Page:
On July 24 Cheyenne Jackson, an actor, posted a photo on Instagram that showed him shirtless, with glistening abs, veiny arms and his lips parted.
“This is me subtly letting you know I’m back on @cameo,” its caption read.
Cameo is a service through which celebrities and others can be paid to make personalized videos commemorating birthdays, bachelorette parties, divorces and the like. Mr. Jackson, who has appeared in the “American Horror Story” TV shows and in “30 Rock,” said in a phone interview that he reactivated his account because of the continuing strike by SAG-AFTRA, the actors’ union.
Mr. Jackson, 48, charges $95 for a video message and cited bills — “I have two kids” — as one reason he is on Cameo. “There are only so much sources of income,” he said.
“My husband cringed a little,” he added. “But you’ve got to do what you’ve got to do.”
Since Cameo debuted in 2016, some actors have used it when traditional work has dried up. In 2021, as the pandemic raged, the actor Andrew Rannells joined Cameo to raise money for the Entertainment Community Fund, a nonprofit formerly known as the Actors Fund. On a recent episode of “And Just Like That…,” the “Sex and the City” reboot, the character Che Diaz, played by Sara Ramirez, starts making Cameo videos after a TV pilot is canceled.
According to data provided by Cameo, there was a 137 percent increase in the number of accounts reactivated or created on Cameo in July compared to June (the strike started on July 14). The number of orders for videos remained about the same for each month, but Cameo said orders usually drop in July because there aren’t events like graduations and holidays like Father’s Day.
Some of the new and reactivated accounts were for people unaffected by the strike, but others were for union actors like Mr. Jackson and Alyssa Milano. Fran Drescher, the SAG-AFTRA president, also reactivated her account, according to Cameo, though it is not currently accepting bookings.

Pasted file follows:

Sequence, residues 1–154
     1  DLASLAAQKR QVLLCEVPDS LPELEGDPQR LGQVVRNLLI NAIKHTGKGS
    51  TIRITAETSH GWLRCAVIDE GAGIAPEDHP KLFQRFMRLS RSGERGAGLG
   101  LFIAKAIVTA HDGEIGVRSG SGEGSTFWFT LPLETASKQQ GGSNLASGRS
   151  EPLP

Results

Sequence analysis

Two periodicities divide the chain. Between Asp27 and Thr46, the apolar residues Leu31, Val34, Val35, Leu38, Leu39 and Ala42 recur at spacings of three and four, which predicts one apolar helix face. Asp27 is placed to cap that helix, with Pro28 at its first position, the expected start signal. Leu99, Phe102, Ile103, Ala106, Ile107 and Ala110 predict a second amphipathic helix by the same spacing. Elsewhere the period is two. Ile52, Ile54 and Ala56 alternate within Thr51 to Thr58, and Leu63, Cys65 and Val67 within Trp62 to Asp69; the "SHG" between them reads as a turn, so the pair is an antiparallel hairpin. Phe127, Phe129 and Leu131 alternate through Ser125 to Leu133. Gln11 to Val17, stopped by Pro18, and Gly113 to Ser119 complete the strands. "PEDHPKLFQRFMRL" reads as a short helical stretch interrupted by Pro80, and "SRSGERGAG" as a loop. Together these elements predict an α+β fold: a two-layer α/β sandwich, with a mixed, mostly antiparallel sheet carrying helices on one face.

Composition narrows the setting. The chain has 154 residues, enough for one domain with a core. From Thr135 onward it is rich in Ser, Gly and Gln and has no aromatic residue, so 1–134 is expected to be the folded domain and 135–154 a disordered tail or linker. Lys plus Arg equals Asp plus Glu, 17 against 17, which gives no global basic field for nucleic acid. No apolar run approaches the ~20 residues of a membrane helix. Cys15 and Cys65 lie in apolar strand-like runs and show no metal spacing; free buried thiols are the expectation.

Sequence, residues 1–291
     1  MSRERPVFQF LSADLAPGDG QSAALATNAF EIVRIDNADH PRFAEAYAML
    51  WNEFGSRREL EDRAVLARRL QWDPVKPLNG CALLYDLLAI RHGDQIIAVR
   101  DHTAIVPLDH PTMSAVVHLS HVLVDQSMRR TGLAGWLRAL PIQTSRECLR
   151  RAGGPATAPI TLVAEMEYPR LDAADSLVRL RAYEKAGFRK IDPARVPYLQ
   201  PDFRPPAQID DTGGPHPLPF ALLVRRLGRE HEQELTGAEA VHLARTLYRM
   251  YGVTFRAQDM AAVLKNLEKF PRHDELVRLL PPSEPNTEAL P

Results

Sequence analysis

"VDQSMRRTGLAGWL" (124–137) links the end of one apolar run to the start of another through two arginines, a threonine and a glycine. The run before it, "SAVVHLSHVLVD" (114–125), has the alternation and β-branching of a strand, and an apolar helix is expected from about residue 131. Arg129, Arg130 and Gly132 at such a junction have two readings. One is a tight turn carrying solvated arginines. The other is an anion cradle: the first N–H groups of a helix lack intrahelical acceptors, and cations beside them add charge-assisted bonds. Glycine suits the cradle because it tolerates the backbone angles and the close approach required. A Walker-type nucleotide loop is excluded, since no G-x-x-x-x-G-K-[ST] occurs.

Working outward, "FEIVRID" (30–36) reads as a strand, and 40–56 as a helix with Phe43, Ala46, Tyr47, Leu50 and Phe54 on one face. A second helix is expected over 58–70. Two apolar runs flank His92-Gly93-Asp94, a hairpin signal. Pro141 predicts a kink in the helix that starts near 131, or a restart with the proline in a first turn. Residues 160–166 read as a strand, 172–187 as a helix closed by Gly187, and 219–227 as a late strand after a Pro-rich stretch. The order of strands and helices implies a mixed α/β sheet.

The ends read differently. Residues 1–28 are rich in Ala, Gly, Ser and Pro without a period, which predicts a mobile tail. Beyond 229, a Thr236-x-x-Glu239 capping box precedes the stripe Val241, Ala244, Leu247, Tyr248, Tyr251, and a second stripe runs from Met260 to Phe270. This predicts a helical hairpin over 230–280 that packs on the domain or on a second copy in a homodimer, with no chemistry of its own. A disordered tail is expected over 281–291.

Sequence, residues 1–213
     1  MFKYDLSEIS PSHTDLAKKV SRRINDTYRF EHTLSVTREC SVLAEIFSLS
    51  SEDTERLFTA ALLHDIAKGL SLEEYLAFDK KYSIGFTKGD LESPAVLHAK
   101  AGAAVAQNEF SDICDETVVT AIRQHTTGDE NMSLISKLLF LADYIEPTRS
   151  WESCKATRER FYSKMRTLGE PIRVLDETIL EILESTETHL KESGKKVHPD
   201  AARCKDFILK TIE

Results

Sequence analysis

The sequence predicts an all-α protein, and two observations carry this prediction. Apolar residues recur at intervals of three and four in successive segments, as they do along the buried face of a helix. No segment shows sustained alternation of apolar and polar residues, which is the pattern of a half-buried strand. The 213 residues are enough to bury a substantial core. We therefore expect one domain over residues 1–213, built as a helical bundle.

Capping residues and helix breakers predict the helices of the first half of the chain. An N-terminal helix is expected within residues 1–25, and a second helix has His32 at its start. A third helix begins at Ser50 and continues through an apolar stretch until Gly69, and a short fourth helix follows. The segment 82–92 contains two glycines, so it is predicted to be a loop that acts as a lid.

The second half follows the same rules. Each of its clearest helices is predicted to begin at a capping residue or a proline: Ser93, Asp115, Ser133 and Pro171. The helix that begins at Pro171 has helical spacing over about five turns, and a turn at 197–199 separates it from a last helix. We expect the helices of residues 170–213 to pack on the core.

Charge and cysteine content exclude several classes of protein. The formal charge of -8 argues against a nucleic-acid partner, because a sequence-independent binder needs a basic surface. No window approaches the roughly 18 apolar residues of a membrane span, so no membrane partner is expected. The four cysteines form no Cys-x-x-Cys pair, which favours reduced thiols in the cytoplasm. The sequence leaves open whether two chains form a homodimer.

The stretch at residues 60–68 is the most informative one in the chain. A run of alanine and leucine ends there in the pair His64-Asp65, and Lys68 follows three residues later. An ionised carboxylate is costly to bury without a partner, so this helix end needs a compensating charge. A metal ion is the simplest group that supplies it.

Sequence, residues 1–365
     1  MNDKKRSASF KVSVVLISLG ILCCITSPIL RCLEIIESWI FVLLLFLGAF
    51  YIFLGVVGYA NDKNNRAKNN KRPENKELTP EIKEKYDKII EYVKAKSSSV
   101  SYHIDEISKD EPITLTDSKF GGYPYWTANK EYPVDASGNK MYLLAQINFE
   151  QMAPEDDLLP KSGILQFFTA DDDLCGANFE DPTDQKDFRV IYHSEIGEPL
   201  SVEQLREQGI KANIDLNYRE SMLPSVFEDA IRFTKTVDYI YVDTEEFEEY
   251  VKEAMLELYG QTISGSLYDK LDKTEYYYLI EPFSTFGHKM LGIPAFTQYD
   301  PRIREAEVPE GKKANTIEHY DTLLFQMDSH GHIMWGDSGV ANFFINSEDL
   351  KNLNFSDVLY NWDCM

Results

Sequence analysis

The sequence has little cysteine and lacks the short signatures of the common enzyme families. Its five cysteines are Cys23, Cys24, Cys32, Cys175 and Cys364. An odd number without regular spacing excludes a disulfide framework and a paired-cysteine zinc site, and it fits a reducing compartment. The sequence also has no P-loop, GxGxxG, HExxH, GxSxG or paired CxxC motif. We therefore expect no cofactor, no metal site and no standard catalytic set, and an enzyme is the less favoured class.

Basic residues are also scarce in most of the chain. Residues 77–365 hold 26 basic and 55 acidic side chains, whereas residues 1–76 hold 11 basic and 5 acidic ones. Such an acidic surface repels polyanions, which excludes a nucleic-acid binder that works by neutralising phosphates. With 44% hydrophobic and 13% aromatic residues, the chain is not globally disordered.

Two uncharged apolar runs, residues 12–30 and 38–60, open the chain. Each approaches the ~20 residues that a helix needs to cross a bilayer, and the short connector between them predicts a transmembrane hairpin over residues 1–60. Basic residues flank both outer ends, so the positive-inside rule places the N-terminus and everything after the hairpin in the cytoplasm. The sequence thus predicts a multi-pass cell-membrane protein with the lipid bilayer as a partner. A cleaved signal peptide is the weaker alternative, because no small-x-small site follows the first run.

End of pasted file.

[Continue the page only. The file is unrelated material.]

Ms. Milano, 50, who charges $250 for a video message, said in an email that Cameo “is a great way to supplement some income during this idle time.” Ms. Drescher’s representatives said she was unavailable to comment for this article.
While the actors’ union is on strike, its members are forbidden from filming most projects and from promoting most projects at movie premieres, film festivals and events like Comic-Con. But making Cameo videos, for the most part, is allowed, said Sue-Anne Morrow, the national director of contract strategic initiatives and podcasts at SAG-AFTRA.
“As long as there’s no promotion of struck work within the Cameo, there’s no problem,” Ms. Morrow said in an email.
In May, around the time that movie and television writers’ unions went on strike, the actors’ union finalized a deal with Cameo that allows its members to have earnings from certain bookings applied toward their health insurance minimum earnings requirement, Ms. Morrow said. Those bookings must be made through Cameo 4 Business, where corporate customers like insurance companies and grocery store chains hire talent for promotional videos.
Ms. Morrow said that the union pursued the agreement because Cameo is one of many ways actors can support themselves when they’re not acting.
The average price of a Cameo 4 Business booking is $1,700, said Steven Galanis, a founder of Cameo and its chief executive. Non-business bookings — the types of videos Cameo is most known for — average $70. Cameo receives 25 percent of the fee for any booking, and the rest goes to the talent.
Mr. Galanis compared the opportunity created by the strike for Cameo to the period of time in the early pandemic when, as he put it, “every other income sort of dried up” for actors and other entertainers. “I’m hoping that the strike ends tomorrow,” he said. “But if it doesn’t, we’re going to be here.”
On July 18, days after the actors’ union went on strike, Cameo announced a round of layoffs, which happened a little more than a year after the company laid off 87 workers in May 2022. Mr. Galanis declined to comment on the number of people affected by the recent layoffs, or on the number of people now working at Cameo.
Some actors who have started reusing the service since the strike said that making money was not the only reason that they returned to it. Christa B. Allen, who has appeared in the TV show “Revenge” and in the film “13 Going on 30,” said that Cameo offers an opportunity to engage with fans at a time when she is making fewer public appearances.
“We’re nothing without our fans,” she said. Cameo, she added, lets actors “connect with the people that love them and have supported their career in a time when they’re not going to be making traditional media.”
Ms. Allen, 31, who uses the stage name Christa Belle, reactivated her Cameo account during the strike after using it sporadically since 2017. She charges $75 per booking and said she has made about $1,000 to date.
“Cameo is not something I think of as a moneymaker,” she said.
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